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#9 User is offline   Gianni_boy 

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Posted 06 March 2009 - 07:02 AM

Thats true, EVERY Les Paul ive seen has that orange peel in that exact spot..........if it really bothers you go out and get some really really fine sand paper, take off the orange peel, then get a buffing compound and buff it out, it takes some time and a few buffs...........
As for sand paper grit and buffing compound, i have no idea what to use, ask a luthier because that is a nitro finsh

#10 User is offline   LPDEN 

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Posted 06 March 2009 - 07:14 AM

I wouldn't worry about it too much. I think while it varies from one instrument to the next, unless the finish is actually coming off there is not a problem.
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#11 User is offline   GTOGUY 

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Posted 06 March 2009 - 09:30 AM

It's almost impossible to get into that area with a buffing wheel at the factory. Epiphone's don't experience that problem because the finish is a UV cured polyurethane. Poly finishes are self-leveling, and require little buffing. Nitro-cellulose lacquer on the other hand actually "sinks" into the wood slightly and does require A LOT of buffing.

#12 User is offline   joelettinger 

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Posted 06 March 2009 - 11:04 AM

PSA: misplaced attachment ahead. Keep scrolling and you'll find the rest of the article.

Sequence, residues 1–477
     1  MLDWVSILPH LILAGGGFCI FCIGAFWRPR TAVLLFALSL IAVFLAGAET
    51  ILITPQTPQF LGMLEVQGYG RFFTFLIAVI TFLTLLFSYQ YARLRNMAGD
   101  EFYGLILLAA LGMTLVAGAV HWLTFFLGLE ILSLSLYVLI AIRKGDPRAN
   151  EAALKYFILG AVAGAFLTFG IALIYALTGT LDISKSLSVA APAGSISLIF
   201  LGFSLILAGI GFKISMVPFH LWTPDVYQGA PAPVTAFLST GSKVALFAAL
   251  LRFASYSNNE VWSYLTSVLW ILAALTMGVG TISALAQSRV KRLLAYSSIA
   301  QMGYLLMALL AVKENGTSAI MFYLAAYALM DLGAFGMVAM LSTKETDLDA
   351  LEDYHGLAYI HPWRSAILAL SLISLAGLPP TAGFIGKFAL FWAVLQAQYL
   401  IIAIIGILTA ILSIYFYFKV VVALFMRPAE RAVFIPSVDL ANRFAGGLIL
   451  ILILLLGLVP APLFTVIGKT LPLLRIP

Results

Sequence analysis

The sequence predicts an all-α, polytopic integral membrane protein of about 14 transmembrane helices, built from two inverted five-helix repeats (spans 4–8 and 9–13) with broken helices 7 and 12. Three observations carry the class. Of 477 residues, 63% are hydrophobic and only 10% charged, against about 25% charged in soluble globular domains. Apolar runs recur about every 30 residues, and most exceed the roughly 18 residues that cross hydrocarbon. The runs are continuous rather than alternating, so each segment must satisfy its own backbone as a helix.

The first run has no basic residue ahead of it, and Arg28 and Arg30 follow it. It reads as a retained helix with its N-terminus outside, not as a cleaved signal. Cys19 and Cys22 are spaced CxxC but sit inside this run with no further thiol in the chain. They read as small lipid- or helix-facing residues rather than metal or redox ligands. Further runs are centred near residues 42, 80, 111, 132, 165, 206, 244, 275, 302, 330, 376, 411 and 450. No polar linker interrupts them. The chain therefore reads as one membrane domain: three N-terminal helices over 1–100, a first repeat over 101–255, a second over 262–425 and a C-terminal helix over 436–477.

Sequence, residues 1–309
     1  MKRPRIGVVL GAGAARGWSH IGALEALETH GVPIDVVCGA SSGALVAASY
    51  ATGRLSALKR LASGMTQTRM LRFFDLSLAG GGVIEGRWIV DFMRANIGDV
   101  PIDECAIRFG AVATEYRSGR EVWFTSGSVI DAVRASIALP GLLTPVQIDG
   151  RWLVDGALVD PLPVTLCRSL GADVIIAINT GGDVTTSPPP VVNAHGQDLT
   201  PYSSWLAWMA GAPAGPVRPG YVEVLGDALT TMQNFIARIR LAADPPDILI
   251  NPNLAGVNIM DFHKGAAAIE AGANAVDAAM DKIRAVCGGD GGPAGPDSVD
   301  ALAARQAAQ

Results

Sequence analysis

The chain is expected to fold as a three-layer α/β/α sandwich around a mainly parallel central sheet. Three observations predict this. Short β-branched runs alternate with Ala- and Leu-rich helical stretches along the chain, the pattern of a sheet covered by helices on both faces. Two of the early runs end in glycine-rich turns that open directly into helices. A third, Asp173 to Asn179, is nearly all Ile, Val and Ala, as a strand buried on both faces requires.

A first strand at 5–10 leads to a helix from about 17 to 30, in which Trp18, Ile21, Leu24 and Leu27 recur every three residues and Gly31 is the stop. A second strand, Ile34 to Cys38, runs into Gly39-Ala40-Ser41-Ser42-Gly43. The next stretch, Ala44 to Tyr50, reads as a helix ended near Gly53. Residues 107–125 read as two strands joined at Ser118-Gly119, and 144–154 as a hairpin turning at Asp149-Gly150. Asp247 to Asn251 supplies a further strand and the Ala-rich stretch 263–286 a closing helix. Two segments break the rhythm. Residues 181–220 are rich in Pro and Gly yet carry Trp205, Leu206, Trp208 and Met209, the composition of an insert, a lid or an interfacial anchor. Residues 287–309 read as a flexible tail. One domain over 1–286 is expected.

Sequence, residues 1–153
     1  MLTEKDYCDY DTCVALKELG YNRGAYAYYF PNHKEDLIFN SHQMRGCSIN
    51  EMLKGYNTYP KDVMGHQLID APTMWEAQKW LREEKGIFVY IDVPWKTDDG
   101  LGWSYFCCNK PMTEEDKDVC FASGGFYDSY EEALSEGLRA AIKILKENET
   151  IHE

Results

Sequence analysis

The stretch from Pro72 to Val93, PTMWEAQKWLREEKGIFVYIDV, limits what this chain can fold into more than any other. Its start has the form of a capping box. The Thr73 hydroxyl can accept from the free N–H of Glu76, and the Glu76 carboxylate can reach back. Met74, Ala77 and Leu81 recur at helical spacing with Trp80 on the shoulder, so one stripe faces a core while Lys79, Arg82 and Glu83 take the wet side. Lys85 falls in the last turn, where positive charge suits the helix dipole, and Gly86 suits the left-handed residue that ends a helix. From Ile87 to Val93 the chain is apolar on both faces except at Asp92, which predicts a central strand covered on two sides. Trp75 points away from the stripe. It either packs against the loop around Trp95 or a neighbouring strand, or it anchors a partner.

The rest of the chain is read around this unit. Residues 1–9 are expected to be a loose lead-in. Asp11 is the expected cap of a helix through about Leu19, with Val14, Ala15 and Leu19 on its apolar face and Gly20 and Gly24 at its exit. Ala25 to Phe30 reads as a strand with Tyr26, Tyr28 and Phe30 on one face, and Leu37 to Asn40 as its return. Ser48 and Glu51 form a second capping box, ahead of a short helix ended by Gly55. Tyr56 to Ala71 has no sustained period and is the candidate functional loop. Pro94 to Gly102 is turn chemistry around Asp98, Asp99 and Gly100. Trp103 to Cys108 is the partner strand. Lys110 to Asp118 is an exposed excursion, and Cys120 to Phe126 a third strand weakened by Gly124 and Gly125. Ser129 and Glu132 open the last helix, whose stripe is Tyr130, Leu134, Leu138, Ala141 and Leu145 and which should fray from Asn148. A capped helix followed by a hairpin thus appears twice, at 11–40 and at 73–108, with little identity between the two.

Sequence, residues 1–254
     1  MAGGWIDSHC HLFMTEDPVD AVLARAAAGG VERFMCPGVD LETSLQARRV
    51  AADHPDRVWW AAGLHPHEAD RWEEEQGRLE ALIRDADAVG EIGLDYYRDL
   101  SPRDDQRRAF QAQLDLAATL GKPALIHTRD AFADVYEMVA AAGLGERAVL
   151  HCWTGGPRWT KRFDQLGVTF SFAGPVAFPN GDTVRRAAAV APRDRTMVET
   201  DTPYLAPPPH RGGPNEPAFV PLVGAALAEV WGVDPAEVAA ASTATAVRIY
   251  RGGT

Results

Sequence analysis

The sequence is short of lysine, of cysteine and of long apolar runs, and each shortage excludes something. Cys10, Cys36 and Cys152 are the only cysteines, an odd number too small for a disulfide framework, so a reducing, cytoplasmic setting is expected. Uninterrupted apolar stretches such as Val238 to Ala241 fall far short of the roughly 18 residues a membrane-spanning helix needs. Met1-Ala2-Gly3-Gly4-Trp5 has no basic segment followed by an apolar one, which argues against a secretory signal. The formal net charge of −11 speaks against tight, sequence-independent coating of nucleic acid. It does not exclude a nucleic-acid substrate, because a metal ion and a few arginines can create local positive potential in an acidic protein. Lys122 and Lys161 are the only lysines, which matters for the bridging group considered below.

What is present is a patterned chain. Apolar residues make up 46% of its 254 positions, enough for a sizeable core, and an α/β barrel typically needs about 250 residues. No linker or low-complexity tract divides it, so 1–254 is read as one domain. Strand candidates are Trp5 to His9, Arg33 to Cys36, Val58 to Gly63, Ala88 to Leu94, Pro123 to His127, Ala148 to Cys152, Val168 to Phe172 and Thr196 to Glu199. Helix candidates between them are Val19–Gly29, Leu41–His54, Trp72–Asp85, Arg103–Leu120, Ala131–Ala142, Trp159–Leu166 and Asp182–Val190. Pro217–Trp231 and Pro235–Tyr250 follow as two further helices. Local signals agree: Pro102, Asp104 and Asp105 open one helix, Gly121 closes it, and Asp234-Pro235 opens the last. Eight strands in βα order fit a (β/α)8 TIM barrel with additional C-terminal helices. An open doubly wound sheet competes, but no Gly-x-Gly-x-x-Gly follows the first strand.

your going to get that with the nitro finishes. the epis use different paint (polyurethane i think) which is a stiffer paint than the gibson. with gibby its all about tone by using a finish that can breath more.

#13 User is offline   jameswithesg 

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Posted 06 March 2009 - 11:07 AM

can i see a pic of the guitar from a full view????

just for sh!tz and giggles



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#14 User is offline   bobv 

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Posted 06 March 2009 - 01:01 PM

Guitars don't breathe. Don't buy into the hype. Nitrocellulose lacquer is pretty. It's traditional for Gibsons. That's nice. But it's not magic and it definitely has nothing to do with "breathing."

Ok that's out of the way. The orange peel is common on a sprayed finish, although if the humidity and temperature and finish mixture and spraygun settings are perfect, it won't happen as much. If it was a piece of furtniture, the maker would sand out the finish before buffing. Gibson doesn't do that, they go right "off the gun" out of the spraybooth to the buffing wheels, and the wheels don't really get into that area alongside the fretboard extension.

So, yes, a person familiar with buffing out wood finishes could easily level that area with 600 or 800 grit paper and then maybe 1000 or 1200 grit followed by polishing compounds to get the gloss to match the rest. And they should, too.

My ES339 had an area of orangepeel on the back of the neck that I just couldn't stand, so I wetsanded it and buffed it out. Don't try it if you're not used to doing it because you could easily burn through the finish into the stain and screw it up bigtime.
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#15 User is offline   djandrey_m 

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Posted 06 March 2009 - 02:44 PM